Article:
There can be no doubt that the Honda CB750 is one of the most important motorcycles of the 20th century, it’s been blamed with almost destroying the British, Italian, and German motorcycle industries, and it’s almost certainly the most copied Japanese two-wheeled vehicle ever made.
The truth of the matter is that the CB750 was almost never made. In the 1960s Honda typically made small to mid-sized motorcycles and it was only a concerted pressure campaign from their US dealers that got them to experiment with the 750cc inline-four.
Fast Facts – A “Sandcast” Honda CB750
- In the 1960s Honda was amongst the largest motorcycle manufacturers in the world thanks to the likes of their small capacity bikes, like the Honda Cub which would go on to become the best-selling motorized vehicle of all time – over 100 million have been made and counting.
- US Honda dealers were asking for a larger capacity motorcycle, something in the 750cc class, to better compete with the popular motorcycles being build by British and American manufacturers like Triumph, Norton, and Harley-Davidson.
- Honda developed an advanced inline-four cylinder motorcycle with a single overhead cam, a front disc brake, an electric starter, a 5-speed gearbox, and no oil leaks.
- Honda was unsure how much demand there would be for the bike, so the early versions were made using low-volume sand-casting techniques. These “sandcast” CB750s are now highly collectible.
The Honda CB750 – The World’s First Superbike
When the CB750 was unveiled in 1969 it sent shockwaves through the motorcycle world. There had been overhead cam inline-four cylinder motorcycles before of course, the MV Agustas were probably the most famous, but the CB750 would be the first affordable example.
By the late 1960s Honda had a wealth of experience building successful Grand Prix racing motorcycles with complex overhead cam engines. The company’s engineers rolled a lot of this knowledge into the CB750, whilst also ensuring it would be both reliable and leak-free.
The real hero of the CB750 story is the engine, though perhaps a little simple by modern standards it was a revelation back in the late 1960s. It’s an inline-four cylinder engine that’s mounted transversely in the frame to ensure even cooling.
It has a single overhead cam operating two valves per cylinder, four carburetors, a 5-speed transmission, an electric starter, and thanks to its horizontally-split crankcase it has no oil leaks.
Many popular British motorcycles of the time had vertically split crankcases which tended to weep oil, this led to the phrase “If there’s no oil under it, there’s no oil in it.”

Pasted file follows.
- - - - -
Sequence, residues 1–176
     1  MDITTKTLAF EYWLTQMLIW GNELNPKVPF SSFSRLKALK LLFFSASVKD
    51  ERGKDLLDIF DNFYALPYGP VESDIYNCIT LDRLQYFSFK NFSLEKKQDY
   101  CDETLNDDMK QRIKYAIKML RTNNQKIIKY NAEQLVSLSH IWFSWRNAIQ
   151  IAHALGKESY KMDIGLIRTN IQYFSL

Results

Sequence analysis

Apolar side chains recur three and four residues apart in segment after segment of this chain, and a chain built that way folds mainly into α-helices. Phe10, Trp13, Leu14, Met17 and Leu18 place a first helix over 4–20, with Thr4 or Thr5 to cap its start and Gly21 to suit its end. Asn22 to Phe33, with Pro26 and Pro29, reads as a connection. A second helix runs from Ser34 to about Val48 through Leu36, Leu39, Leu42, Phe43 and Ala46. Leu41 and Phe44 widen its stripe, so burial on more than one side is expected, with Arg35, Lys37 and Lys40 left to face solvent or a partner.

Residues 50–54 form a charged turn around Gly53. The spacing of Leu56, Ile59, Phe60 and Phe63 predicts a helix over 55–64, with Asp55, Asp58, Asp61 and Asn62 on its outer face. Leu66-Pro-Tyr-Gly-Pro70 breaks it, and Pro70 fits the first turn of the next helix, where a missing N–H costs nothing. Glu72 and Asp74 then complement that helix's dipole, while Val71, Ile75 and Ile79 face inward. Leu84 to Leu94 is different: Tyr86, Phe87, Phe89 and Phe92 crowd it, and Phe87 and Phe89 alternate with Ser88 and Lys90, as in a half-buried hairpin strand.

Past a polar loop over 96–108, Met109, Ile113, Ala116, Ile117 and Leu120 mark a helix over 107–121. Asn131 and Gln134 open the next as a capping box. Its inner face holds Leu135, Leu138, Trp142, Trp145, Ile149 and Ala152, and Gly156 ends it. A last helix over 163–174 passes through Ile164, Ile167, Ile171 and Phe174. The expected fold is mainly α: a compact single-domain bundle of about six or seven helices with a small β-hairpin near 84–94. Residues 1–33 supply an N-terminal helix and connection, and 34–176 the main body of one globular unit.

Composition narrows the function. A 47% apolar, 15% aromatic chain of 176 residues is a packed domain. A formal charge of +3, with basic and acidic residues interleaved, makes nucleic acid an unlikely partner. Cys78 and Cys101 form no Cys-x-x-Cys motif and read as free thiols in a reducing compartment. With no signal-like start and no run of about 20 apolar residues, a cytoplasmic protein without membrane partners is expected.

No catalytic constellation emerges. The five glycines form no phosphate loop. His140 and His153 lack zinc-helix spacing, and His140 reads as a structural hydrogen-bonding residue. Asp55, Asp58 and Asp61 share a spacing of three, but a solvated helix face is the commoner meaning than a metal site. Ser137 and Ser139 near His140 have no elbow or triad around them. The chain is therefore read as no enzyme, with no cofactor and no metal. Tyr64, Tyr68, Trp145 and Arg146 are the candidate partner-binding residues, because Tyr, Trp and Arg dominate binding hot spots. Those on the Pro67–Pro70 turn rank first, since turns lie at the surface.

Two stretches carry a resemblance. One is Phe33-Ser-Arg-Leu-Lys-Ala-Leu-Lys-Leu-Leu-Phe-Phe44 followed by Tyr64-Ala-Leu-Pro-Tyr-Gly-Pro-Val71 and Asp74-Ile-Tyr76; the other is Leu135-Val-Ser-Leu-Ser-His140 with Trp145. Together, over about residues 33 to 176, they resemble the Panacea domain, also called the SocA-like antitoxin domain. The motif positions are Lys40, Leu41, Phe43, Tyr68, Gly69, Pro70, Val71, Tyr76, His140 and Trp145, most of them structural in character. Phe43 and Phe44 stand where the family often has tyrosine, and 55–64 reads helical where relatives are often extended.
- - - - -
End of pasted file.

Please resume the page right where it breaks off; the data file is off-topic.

The Arrival Of The Universal Japanese Motorcycle
After the release of the new Honda, a motoring journalist referred to it as a “super bike” in his review, it was the first recorded use of the term which would later be joined into the single word “superbike.”
Though many iconic motorcycles from history have been retroactively called superbikes, like the Brough Superior SS100 and the Vincent Black Shadow for example, but the CB750 is the bike the term was coined for.
Honda’s primary Japanese competitors, namely Kawasaki, Suzuki, and Yamaha, all began developing their own transverse inline-fours. The layout became so ubiquitous that it was nicknamed the “UJM” for “Universal Japanese Motorcycle.”
Ultimately the Honda CB750 would remain in production from 1969 until 2003. There were many updates over time including a switch to double overhead cams and four valves per cylinder in 1976 for example.
1970 Honda CB750 “Sandcast” Shown Here
The motorcycle you see here is a 1970 Honda CB750 with the early “sandcast” engine. Finished in the attractive Candy Blue-Green color option, this bike was built in September of 1969 and sold as a 1970 model.
The odometer is showing 12,000+ miles however it’s not listed if this is the mileage since new or since a previous restoration. It’s being sold out of San Bruno, California with a clean California title in the seller’s name.
Maintenance performed in preparation for the sale is said to have included adjusting the timing, synchronizing the throttle cables, cleaning the four Keihin carburetors, changing the oil and the spark plugs, and replacing the headlight nacelle, airbox, handlebar, right-side switchgear, and hand grips.
If you’d like to read more about this Honda or register to bid you can visit the listing here in Bring A Trailer.
Images courtesy of Bring A Trailer
Articles that Ben has written have been covered on CNN, Popular Mechanics, Smithsonian Magazine, Road & Track Magazine, the official Pinterest blog, the official eBay Motors blog, BuzzFeed, Autoweek Magazine, Wired Magazine, Autoblog, Gear Patrol, Jalopnik, The Verge, and many more.
Silodrome was founded by Ben back in 2010, in the years since the site has grown to become a world leader in the alternative and vintage motoring sector, with well over a million monthly readers from around the world and many hundreds of thousands of followers on social media.